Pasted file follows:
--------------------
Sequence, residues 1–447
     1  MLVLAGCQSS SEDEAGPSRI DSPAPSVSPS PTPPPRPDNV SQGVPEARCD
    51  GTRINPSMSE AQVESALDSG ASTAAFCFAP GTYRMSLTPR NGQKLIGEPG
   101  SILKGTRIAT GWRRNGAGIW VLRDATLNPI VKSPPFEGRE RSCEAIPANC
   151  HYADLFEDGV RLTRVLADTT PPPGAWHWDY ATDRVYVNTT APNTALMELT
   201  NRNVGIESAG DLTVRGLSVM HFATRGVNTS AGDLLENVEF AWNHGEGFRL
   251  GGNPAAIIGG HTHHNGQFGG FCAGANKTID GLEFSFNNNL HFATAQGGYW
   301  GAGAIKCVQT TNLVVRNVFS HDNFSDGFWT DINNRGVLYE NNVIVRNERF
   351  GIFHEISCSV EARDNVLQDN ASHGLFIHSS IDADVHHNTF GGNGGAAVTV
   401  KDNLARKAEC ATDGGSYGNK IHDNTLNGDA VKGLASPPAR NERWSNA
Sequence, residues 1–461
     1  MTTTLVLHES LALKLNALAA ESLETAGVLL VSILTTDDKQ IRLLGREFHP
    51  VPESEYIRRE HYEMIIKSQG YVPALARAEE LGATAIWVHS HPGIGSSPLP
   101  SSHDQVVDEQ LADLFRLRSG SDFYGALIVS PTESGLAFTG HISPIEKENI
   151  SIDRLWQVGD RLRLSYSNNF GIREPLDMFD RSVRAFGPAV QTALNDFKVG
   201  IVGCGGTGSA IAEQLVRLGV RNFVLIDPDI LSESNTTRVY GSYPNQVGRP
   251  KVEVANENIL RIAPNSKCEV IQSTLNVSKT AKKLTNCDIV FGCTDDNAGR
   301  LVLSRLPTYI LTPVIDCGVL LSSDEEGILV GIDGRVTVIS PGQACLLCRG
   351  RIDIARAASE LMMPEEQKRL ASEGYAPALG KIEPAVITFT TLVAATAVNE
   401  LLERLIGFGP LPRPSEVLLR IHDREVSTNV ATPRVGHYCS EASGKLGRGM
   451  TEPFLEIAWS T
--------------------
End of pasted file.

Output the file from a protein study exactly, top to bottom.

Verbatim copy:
Sequence, residues 1–447
     1  MLVLAGCQSS SEDEAGPSRI DSPAPSVSPS PTPPPRPDNV SQGVPEARCD
    51  GTRINPSMSE AQVESALDSG ASTAAFCFAP GTYRMSLTPR NGQKLIGEPG
   101  SILKGTRIAT GWRRNGAGIW VLRDATLNPI VKSPPFEGRE RSCEAIPANC
   151  HYADLFEDGV RLTRVLADTT PPPGAWHWDY ATDRVYVNTT APNTALMELT
   201  NRNVGIESAG DLTVRGLSVM HFATRGVNTS AGDLLENVEF AWNHGEGFRL
   251  GGNPAAIIGG HTHHNGQFGG FCAGANKTID GLEFSFNNNL HFATAQGGYW
   301  GAGAIKCVQT TNLVVRNVFS HDNFSDGFWT DINNRGVLYE NNVIVRNERF
   351  GIFHEISCSV EARDNVLQDN ASHGLFIHSS IDADVHHNTF GGNGGAAVTV
   401  KDNLARKAEC ATDGGSYGNK IHDNTLNGDA VKGLASPPAR NERWSNA
Sequence, residues 1–461
     1  MTTTLVLHES LALKLNALAA ESLETAGVLL VSILTTDDKQ IRLLGREFHP
    51  VPESEYIRRE HYEMIIKSQG YVPALARAEE LGATAIWVHS HPGIGSSPLP
   101  SSHDQVVDEQ LADLFRLRSG SDFYGALIVS PTESGLAFTG HISPIEKENI
   151  SIDRLWQVGD RLRLSYSNNF GIREPLDMFD RSVRAFGPAV QTALNDFKVG
   201  IVGCGGTGSA IAEQLVRLGV RNFVLIDPDI LSESNTTRVY GSYPNQVGRP
   251  KVEVANENIL RIAPNSKCEV IQSTLNVSKT AKKLTNCDIV FGCTDDNAGR
   301  LVLSRLPTYI LTPVIDCGVL LSSDEEGILV GIDGRVTVIS PGQACLLCRG
   351  RIDIARAASE LMMPEEQKRL ASEGYAPALG KIEPAVITFT TLVAATAVNE
   401  LLERLIGFGP LPRPSEVLLR IHDREVSTNV ATPRVGHYCS EASGKLGRGM
   451  TEPFLEIAWS T